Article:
Philosophical Reflections
By G. C. Nayak

Reviewed by K. N. Upadhyaya

Philosophy East & West
V. 41 (January 1991)
pp. 120-122

Copyright 1991 by University of Hawaii Press


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The present work is a collection of the author's eighteen articles, some major and some minor, chiefly concerned with problems of Indian philosophy, mostly of Buddhism and Advaita Vedaanta. Of the eighteen

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articles, the first one deals with Advaita Vedaanta and Buddhism combined, and the next three deal with Buddhism followed by another three concerned with Advaita Vedaanta. Articles 8 and 16, entitled "Transcendental Secularism" and "A Plea for Common-ism," represent the author's unique interpretation of the Hindu view of life. He claims that this interpretation is clearly embedded in the very structure of Hindu religion.  Transcendental secularism implies common-ism and common-ism is a doctrine which highlights the commoner, the simple, or the ordinary. It is the core of all religions, particularly of Hinduism. If this is propagated, religion in its essence will continue. The gods, goddesses, rites, rituals, and dogmas being secondary, nothing substantial will be lost by discarding them. Articles 9, 14, and 17 deal with some general topics, namely, "Freedom in Indian Thought: Some Highlights," "The Problem of Universals," and "Values: Dharma and Mok.sa." In articles 15 and 18, the author articulates his answer to the questions, "What is Living and What is Dead in Religion?" and "Can There Be a Synthesis of Eastern and Western Thought?" In article 10, "Rationalism of the Giitaa," he argues for the basic rationalistic approach of this ancient text, and in articles 11 and 12 he presents and evaluates "The Philosophy of Baladeva Vidyaabhuu.sa.na" and "The Philosophy of Sri Aurobindo," the two noted Indian philosophers of the recent past. In article 13, "Analytic Philosophy: Its Multiple Facets," he tries to throw some light on the nature, role, and legitimacy of analytic philosophy. Thus, in these eighteen articles, the author covers some important technical and popular problems of Indian philosophy, exhibiting his scholarship in the fields of Buddhism, Vedaanta and the Giitaa, as well as in recent philosophical trends in Indian and analytic philosophy. An interesting blend of tradition and modernity is clearly reflected in these articles.

The method adopted by the author in dealing with various philosophical problems is analytical and critical, not historical and narrative. His approach is independent insofar as he is not bound either by the authority of the past masters or by the verdict of acknowledged scholars of the present century. This independent approach may be illustrated by a few examples, below.

While analyzing the key concept of the Bhagavadgiitaa, the author points out (p. 80) that even `Sa^nkara and Raamaanuja have lost sight of the rationalistic dimension of the Giitaa, which enjoins taking resort to reason (buddhau `sara.nam anviccha). In his very first article, he levels his criticism against some modern thinkers, such as G. Mishra, "for whom linguistic analysis is the be-all and end-all in `Sa^nkara's philosophy" (p. 2). He points out that "there is a peculiar ontic reference in `Sa^nkara which cannot be eliminated" (p. 7) by resorting merely to linguistic analysis. At the same time, he considers it "definitely misleading to suggest that Brahmaanubhava is a sort of intuitive experience" (p. 8). Thus, the author interprets `Sa^nkara's philosophy by holding to a middle position between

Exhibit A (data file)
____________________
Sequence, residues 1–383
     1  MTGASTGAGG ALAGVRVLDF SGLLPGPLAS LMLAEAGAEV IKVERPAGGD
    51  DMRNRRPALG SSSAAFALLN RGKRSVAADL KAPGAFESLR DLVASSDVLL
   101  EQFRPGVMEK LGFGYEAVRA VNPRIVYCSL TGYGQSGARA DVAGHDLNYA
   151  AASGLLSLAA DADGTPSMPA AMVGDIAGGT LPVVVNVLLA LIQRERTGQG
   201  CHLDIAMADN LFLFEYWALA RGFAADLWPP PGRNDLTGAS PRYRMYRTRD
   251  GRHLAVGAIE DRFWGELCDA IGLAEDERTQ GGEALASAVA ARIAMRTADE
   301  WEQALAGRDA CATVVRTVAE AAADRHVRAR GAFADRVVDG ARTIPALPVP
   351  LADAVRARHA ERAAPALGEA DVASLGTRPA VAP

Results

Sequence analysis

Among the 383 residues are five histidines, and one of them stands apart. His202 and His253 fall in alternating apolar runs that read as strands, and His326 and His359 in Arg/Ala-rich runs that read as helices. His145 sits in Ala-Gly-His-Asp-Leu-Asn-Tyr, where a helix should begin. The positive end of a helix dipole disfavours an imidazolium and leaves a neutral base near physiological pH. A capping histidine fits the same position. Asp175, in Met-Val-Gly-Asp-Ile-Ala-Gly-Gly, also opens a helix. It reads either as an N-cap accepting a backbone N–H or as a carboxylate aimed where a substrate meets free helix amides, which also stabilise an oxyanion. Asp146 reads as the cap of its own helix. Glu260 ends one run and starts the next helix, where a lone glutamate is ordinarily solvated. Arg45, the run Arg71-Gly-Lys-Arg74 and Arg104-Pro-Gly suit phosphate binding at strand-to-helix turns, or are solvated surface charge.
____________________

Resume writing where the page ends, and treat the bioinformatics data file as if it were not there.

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the theory of linguistic analysis and that of intuitionism. Likewise, he finds fault with T. R. V. Murti and C. D. Sharma, who, according to him, misconceive the notion of `Suunyataa in the philosophy of Naagaarjuna and Candrakiirti. As he puts it: "Suunyataa which is identified here with pratiitya-samutpaada, neither implies unreality of things as misconceived by T. R. V. Murti nor does it imply an absolute as also misconceived by C. D. Sharma" (p. 17). Explaining the correct position, the author says: "The concept of `suunyataa in Naagaarjuna and Candrakiirti is neither mystical nor religious; it points to ni.hsvabhaavataa or essencelessness which needs to be realized through philosophical analysis ( catu.sko.ti tarka) and thus an insight or illumination is gained into the nature of things and concepts which itself constitutes nirvaa.na (sarva kalpanaa k.saya ruupa)" (p. 25). In his last article, "Can There Be a Synthesis of Eastern and Western Thought?" the author focuses his attention on some problems in the recent attempt at synthesizing Indian and Western thought whether by a Western scholar, such as Paul Deussen, or by an Indian thinker, such as S. Radhakrishnan. While acknowledging their significant contribution and great scholarship in pointing out resemblances between some aspects of Indian and Western thought, the author observes that such comparative estimates of the two traditions "are bound to suffer from a sort of reductionism if the comparison is pushed beyond a certain limit" (p. 156).  He thus warns against what he calls "overgeneralizations and superficial assessment" (p. 157).

Thus through his own example of what he calls 'free' or unencumbered philosophizing, the author exhorts philosophers to "make genuine efforts at 'free' thinking as far as possible" (Preface, p. viii). Whether or not one agrees with the various conclusions reached by the author in his different articles, one cannot but admire his analytical, critical, and independent approach. Therein, indeed, lies the value of this book.